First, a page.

He walked to the bookcase behind the dinner table and took a small book from a shelf. He handed it to Marilyn.
“This is your daughter’s diary. Sawdust had it with him when Jelly found him. It’s how I tracked you down. I should have given it to you earlier. I’m sorry. She mentions me in there a couple of times, that’s how I know I met her.”
Larry looked incredulous. “Why would a judge make you, a gunfighter, temporary guardian of our grandson?”
“Mr. Logan, I haven’t been a professional gunfighter for over two years. I’m finished with that life.”
Murdoch approached them and stood next to Johnny.
“Larry, I feel I need to give you some history about our family. Neither of my sons grew up here with me, for reasons that aren’t important here. I tried for many years to find Johnny, but I was not successful until two years ago. In the meantime, he essentially raised himself. He taught himself a trade and became one of, if not, the best at it. That trade happened to be professional gunfighting. He made enough to live on, and that’s about it. You’ll see the name Johnny Madrid in that diary. That’s the name he went by before reclaiming his family name. When he came home two years ago, he left that life behind. He is now an important part of this family and our business and he’s a respected member of our community. Judge Bates knows all of this. Johnny has never made his past a secret.” Murdoch put his arm around Johnny’s shoulders. “I am very proud of the man my son has become.”
Johnny felt his eyes pool, and tamped down the emotion rising in him. Never had he heard his father speak of him like this, actually defending the life he had lived before coming home. He didn’t think he could speak. His brother, as usual, rescued him.
“And if I might add,” Scott offered, “my brother had no obligation to step in and help Sawdust. But he saw the boy needed help and here we are.”
Johnny silently thanked Scott for giving him the breathing room to continue.
“So, that’s the rest of the story about me and how I knew Sawdust’s father. But I can’t see how any of it matters now. You’re here to claim your grandson, that’s all that matters.” With that, Johnny quietly left the room, only the jingle of his spurs filling the air.
After a few moments of silence, Marilyn spoke. “I think we’ve upset him. Should one of us go after him?” she asked, looking to her husband for guidance.
“No,” Scott said. “He’ll be fine. He’s used to people looking down on him because of his past. It stings for a little while, then he moves past it.”
“Well, it seems that Johnny has turned his life around,” Larry said. “I’m sorry if I jumped to conclusions. I’ll apologize to him.”
“He’ll appreciate that,” Murdoch said.
“So he grew up without a family?” Marilyn asked.
“His mother left here with him when he wasn’t yet two years old. She died when he was young, nine or ten years old. He lived on his own for about ten years, until he came home to Lancer,” Murdoch explained.
Marilyn’s face relaxed, her eyes full of empathy. “I think I’m beginning to understand why he cares so much about what happens to Sawdust. He doesn’t want him to end up like he did.”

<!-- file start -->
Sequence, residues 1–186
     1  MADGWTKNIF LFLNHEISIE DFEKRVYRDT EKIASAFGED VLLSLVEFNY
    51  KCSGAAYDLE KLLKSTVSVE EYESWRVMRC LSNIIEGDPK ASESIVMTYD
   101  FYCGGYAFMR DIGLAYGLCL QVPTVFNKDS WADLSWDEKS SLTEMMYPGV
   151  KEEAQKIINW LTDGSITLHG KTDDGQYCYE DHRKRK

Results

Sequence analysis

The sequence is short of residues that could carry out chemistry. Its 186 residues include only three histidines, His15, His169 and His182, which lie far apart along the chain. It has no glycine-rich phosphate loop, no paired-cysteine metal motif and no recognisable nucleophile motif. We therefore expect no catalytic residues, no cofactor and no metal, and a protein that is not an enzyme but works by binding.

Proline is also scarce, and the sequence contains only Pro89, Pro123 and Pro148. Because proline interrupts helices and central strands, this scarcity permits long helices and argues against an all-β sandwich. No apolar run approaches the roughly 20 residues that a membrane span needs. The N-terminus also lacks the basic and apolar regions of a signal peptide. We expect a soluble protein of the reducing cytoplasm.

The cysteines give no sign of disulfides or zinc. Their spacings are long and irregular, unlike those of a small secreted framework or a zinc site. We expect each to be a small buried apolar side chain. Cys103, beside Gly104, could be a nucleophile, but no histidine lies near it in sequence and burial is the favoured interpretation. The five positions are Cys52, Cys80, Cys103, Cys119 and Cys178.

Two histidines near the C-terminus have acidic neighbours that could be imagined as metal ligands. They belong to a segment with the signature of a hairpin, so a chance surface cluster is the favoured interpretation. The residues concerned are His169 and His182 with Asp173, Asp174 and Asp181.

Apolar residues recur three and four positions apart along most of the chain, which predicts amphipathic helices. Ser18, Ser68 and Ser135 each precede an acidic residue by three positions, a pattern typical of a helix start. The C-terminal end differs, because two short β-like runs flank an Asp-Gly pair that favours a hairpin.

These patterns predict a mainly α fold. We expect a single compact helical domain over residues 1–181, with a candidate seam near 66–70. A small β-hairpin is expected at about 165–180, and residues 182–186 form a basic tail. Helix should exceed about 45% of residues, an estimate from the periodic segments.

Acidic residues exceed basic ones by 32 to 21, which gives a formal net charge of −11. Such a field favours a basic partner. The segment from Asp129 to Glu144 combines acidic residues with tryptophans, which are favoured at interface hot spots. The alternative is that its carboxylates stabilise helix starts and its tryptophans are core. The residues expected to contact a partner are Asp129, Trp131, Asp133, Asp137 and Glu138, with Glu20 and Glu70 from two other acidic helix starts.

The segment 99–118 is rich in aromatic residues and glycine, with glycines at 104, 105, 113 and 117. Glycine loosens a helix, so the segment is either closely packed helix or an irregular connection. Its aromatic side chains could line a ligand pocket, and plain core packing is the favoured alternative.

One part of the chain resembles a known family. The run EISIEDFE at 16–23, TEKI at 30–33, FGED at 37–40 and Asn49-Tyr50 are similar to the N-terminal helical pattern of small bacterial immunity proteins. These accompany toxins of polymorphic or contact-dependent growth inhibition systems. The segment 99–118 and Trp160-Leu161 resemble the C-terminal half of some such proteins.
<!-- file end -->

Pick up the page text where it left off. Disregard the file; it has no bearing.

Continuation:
Scott looked at Murdoch and recognized the look of regret and self recrimination on his father’s face that he had seen so many times when they talked about Johnny. “My brother has a heart of gold,” Scott said. “If you want to hear some stories about Johnny’s good will in those border towns, talk to Val Crawford. He’s the sheriff in Green River. He knew Johnny back in those days. You’ll meet him. He always joins us for Sunday dinner. Now, I think I’ll go check on my brother, if you’ll excuse me.”
Marilyn Logan smiled as she listened to Johnny’s friend Val tell stories of Johnny’s life when he was a young man. In spite of being a gun for hire, apparently Johnny went out of his way to help people who, in his mind, were being mistreated or neglected.
“People didn’t realize the only thing quicker than Johnny’s gun was his brain. He could out think most of the other gunfighters and the ranchers who hired them. He always argued for more talking and less shooting when it came to range wars, but most of the big shots didn’t want to hear him. Angry men like to shoot their guns, not talk it out. He went off on his own a few times and only worked for the downtrodden side of a dispute, usually with no pay. He was a bit of a hero in some of those dirt towns.” Val took a breath and yawned. “Well, I’m sure Johnny don’t want me going on about his celebrity down there, so I think I’ll head back to town. It was good meetin’ you, Mr. and Mrs. Logan. I’ll probably see you at the hearing on Tuesday.”
“Good night, Val. It was good meeting you, too,” Larry said
“Val, I’ll walk you out,” Scott said.
Marilyn decided to find Teresa and ask for a cup of tea to take up to her room. She found her in the kitchen with Maria, the housekeeper and cook, talking at the kitchen table. Teresa greeted her.
“Hello Marilyn! Had enough of Val’s yarn spinning?” she asked with a laugh.
“Oh, he’s very entertaining! He just left. I was wondering if I could bother you for a cup of tea. I’d like to take it up to bed. It’s been a long day.”
“Of course. You go on up. I’ll bring it to you when it’s ready.”
“You sweet girl! You do spoil me,” Marilyn said, with a warm smile.
Marilyn wearily climbed the steps and headed for her room. As she passed Sawdust’s room, she heard voices coming from within. She stepped closer to the door, which was slightly ajar, and saw Johnny sitting on the side of the bed, talking softly to her grandson.
“Johnny, do I really have to go live in Ohio?” the timid voice asked.